Mulching and Side Discharge Lawn Mowing

When it comes to lawn mowing, there are different types of mowers of which mulching and side-discharge mowers. This article takes a closer look at the advantages and disadvantages of those two types of mowers.

Mulching

In conditions where the grass is relatively short and dry, the best option would probably be to mulch the grass. Mulching is the fastest way to mow short grass, and returning the nitrogen-rich clippings to the lawn is great for lawn health and reducing your carbon footprint. Mulching chops up shorter clippings finely so that they can easily be re-absorbed back into the soil.

One mulching problem that can arise is the grass clumping problem. If the lawn is long, thick, and wet, mulching has the greatest tendency to create a clump of matted thatch under the mowing deck. If those clumps are not removed, they turn pale or brownish-gold within a few days and then start to settle back into the turf. The clumps block light and prevent water from reaching the grass beneath. In time clumps can kill the grass below them and leave a dead spot that then requires reseeding. Even without clumping, mulching sometimes leaves a trail of pale green clippings when the thatch dries.

Side Discharge

Side discharge is perfect for the toughest, most prolonged hack-down jobs. This lawn mowing option results in faster work of an unruly lawn. When you are dealing with long, thick, and moist grass, it is desirable to get that mess of debris out and away from the underside of the mowing deck as quickly and efficiently as possible. If there is no place for the grass to go, the mass of grass clippings you’ve just cut will remain trapped in the cutting area, clogging the blades and periodically stalling the machine. Further, if the grass is moist, the effect is magnified because grass will form clumpy masses that stick to the underside and outside lip of the cutting deck, again stalling the machine and additionally creating a dark green semi-liquid mess for you to claw at and rake out at semi-regular intervals. These clumps look bad and start to kill the lawn underneath several days later. If you leave the mushy clumps stick to the bottom of the mowing deck without proper cleaning, within a day or two, they will dry out and harden. You’ll have to pry from the deck with a scraper or screwdriver.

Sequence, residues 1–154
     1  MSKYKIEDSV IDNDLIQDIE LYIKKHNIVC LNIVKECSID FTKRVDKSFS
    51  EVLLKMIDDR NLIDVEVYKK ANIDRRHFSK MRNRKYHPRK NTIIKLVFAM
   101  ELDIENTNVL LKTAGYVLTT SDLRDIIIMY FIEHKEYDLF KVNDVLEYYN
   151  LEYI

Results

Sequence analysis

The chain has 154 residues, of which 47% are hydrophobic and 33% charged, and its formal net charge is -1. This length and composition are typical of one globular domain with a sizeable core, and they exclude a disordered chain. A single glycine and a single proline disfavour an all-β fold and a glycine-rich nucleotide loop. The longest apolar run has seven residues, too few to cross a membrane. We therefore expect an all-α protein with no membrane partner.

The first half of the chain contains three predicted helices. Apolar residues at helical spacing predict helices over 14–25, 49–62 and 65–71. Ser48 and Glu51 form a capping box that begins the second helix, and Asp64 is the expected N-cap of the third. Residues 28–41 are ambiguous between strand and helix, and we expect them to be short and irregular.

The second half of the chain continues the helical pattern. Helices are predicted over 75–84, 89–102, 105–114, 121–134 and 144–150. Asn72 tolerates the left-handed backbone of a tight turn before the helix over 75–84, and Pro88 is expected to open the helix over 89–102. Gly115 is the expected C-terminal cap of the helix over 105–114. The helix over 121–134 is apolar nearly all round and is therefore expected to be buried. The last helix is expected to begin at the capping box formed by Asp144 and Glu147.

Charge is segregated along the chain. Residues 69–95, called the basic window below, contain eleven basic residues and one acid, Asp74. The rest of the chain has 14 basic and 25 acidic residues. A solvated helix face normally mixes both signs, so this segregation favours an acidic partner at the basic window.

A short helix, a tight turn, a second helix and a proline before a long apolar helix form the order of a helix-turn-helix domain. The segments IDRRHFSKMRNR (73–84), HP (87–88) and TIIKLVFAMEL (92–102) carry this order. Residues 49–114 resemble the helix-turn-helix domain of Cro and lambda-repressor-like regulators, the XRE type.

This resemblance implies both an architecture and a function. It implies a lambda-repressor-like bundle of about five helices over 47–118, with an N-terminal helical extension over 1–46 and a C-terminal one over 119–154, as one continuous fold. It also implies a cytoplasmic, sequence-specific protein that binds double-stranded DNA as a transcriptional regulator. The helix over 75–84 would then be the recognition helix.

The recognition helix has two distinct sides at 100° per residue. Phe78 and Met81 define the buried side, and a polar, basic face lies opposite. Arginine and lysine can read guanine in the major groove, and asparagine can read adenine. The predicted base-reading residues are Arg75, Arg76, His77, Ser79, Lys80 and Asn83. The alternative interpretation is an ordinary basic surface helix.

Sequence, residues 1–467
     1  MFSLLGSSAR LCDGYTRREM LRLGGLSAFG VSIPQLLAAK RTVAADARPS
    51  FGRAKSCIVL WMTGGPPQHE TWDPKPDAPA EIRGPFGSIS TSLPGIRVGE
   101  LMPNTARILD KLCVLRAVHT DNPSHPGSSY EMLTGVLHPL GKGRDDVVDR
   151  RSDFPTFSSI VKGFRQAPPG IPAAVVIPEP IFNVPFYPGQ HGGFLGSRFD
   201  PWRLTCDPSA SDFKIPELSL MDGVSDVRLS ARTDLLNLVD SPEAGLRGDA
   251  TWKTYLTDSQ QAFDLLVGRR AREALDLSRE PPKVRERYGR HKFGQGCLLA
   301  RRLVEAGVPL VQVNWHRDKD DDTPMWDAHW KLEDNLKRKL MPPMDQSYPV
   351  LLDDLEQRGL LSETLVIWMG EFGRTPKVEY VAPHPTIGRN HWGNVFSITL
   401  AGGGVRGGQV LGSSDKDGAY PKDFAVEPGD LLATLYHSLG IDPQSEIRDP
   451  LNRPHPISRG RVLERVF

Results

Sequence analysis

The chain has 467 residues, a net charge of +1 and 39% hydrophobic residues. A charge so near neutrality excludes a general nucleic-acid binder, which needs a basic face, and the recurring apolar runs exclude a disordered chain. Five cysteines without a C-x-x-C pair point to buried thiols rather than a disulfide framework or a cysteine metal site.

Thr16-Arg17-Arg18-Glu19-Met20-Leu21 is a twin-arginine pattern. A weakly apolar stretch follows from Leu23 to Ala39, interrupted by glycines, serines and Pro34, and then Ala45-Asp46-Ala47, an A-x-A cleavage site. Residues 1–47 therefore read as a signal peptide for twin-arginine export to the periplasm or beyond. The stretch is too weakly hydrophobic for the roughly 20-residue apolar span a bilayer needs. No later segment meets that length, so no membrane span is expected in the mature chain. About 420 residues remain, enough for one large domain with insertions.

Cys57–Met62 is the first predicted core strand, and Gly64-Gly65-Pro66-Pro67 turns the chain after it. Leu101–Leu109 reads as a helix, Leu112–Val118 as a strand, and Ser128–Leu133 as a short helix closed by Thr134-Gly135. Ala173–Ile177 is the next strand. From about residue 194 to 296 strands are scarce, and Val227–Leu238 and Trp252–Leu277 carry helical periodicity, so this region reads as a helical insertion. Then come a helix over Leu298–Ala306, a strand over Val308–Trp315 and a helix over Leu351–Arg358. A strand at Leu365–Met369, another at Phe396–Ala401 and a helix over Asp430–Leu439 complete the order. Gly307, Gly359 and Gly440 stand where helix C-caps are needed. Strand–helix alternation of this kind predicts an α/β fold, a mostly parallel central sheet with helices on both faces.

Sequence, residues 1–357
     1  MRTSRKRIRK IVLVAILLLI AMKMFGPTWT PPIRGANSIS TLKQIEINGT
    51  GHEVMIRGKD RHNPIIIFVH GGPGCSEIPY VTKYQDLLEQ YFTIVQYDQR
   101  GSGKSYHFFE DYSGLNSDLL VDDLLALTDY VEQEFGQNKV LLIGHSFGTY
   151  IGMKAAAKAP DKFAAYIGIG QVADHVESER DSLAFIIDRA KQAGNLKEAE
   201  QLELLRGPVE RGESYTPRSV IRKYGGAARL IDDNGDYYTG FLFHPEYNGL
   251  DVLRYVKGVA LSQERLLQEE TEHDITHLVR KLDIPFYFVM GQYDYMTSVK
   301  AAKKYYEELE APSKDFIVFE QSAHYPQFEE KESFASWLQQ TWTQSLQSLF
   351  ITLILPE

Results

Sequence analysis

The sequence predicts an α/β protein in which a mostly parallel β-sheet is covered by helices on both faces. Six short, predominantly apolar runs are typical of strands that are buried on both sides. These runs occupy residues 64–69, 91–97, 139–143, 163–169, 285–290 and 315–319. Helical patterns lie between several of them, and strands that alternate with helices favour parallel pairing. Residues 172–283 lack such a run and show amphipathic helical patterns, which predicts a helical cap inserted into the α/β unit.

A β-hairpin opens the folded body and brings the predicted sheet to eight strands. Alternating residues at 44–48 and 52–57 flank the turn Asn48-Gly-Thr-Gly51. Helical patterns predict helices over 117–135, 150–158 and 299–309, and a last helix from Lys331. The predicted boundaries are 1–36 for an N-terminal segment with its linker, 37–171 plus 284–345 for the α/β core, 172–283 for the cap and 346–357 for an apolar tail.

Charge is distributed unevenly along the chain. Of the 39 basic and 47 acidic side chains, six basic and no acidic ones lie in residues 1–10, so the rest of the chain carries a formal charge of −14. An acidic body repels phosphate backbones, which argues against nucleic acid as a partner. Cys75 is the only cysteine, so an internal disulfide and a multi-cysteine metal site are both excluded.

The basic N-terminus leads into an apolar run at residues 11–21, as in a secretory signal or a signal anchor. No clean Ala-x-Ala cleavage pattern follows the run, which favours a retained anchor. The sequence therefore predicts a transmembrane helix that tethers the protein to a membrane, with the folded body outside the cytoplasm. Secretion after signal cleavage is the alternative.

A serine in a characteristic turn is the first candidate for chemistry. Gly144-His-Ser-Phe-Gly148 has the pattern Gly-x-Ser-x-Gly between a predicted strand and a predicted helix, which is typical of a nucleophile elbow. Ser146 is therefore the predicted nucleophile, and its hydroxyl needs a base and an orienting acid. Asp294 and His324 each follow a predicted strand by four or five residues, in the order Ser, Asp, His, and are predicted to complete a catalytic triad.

The side discharge usually means you’re blowing a coarser grade of clippings onto a driveway, a mulch bed, a tree well, or onto an already thick accumulation of other discharged passes. It will help if you plan the cut more carefully so that clippings don’t end up in places they aren’t supposed to be. You have to watch more carefully for objects in the path of the mower because a side discharge can fling out a rock or golf ball with considerable force. It may also lead to the hassle of raking up after mowing.

To conclude, mulching is the best option for people who have long and narrow properties bordered by sidewalk or pavement where the grass blowing to the side will create the need for cleanup. Side discharge may be a better option for large, contiguous patches of lawn.

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